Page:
perceived crisis mgmt, security, and disaster
    recovery best practices for large publicly held
    corporations?
  • What skills and knowledge are required for
    corporate crisis managers?
  • Can corporate preparedness for extreme events be
    evaluated based on internal and
    inter-organizational factors?

7
Scope of the Paper
  • How did the September 11 attacks affect the
    long-term economic and financial performance of
    corporations directly or indirectly impacted?

8
Previous Research
  • Private sector impacts have not been the subject
    of significant, in-depth research
  • General lack of data and models describing
    impacts at corporate/organizational level
  • Focus on small businesses (Alesch, Webb, Tierney)
  • Tied to particular events for specific companies
  • (Knight and Pretty)
  • Everglades Air Crash, ValuJet, 1996
  • Tylenol Poisoning, JJ, 1982
  • Bhopal Gas Leak, Union Carbide, 1984
  • Norco Explosion, Shell Oil, 1988
  • Lockerbie Air Crash
  • Alaskan Oil Pollution, Exxon Valdez, 1989

9
Previous Research, Contd
  • Provide valuable baseline for research
  • Do not adequately address critical issues of 9/11
  • Long term effect of extreme events on large,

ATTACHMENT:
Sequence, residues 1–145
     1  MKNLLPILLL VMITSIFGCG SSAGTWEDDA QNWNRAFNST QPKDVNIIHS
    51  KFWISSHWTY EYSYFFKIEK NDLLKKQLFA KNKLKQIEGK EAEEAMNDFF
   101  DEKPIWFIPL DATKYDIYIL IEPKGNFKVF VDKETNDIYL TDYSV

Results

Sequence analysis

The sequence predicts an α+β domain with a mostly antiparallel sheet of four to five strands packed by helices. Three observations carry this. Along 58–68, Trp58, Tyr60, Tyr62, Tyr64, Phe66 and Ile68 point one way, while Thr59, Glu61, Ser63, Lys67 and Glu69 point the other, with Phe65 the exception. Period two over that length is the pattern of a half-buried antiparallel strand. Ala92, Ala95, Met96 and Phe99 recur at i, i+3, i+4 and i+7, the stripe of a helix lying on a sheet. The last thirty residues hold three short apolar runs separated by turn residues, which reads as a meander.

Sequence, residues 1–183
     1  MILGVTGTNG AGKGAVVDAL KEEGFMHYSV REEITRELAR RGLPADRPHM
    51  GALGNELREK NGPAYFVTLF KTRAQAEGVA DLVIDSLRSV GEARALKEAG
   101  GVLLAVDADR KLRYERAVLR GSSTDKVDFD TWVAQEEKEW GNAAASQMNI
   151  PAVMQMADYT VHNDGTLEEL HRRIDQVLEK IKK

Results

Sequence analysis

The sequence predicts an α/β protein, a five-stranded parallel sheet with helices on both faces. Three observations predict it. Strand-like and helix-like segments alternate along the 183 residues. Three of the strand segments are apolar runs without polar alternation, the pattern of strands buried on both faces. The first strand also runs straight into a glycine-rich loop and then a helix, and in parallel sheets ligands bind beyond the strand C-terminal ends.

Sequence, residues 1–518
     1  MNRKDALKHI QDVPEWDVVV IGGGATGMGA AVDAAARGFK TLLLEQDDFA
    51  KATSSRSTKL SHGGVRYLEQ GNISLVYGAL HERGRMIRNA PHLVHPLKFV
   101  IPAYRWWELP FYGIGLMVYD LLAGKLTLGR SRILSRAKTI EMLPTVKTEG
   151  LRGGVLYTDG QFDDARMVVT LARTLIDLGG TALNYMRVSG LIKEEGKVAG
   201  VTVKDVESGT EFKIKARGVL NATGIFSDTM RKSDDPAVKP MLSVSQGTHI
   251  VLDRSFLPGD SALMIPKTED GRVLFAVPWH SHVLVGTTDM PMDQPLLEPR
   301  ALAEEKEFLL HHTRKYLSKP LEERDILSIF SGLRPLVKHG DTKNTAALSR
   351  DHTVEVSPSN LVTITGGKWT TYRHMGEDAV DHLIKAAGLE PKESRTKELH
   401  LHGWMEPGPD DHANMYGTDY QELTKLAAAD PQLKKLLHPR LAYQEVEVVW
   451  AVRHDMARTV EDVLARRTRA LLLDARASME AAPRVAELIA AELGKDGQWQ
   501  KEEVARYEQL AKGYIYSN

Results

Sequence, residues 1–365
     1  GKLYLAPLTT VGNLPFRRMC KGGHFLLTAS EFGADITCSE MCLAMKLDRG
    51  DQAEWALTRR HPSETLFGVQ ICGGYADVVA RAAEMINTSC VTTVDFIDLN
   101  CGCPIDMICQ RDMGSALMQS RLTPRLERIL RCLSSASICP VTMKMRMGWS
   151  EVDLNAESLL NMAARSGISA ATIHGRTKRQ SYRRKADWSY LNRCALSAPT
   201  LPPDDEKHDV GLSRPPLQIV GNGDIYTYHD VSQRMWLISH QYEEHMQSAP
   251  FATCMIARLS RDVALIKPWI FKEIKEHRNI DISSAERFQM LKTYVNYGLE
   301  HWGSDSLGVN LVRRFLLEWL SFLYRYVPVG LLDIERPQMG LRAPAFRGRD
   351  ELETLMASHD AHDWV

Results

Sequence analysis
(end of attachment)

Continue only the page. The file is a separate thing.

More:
publicly held corporations
  • Effectiveness of pre-planned and professional
    corporate crisis management and disaster recovery
    activities on the long-range economic impact
  • Impact of the terrorist threat on best practices
    for corporate crisis management, security, and
    disaster recovery, and business continuity
  • The evolution of new, inter-organizational
    relationships necessary for preparedness and
    response to terrorism.

10
Methodology
  • Selection of Companies
  • Collection of Data
  • Analysis of Data
  • Presentation of Results

11
Selection of Companies
GOAL To sort through the thousands of companies
that had been directly affected by the attacks in
order to formulate a list of between 20 and 25
companies to be studied
www.tenantwise.com
12
Selection Criteria
  • Sustained a direct impact in the attacks
  • Publicly traded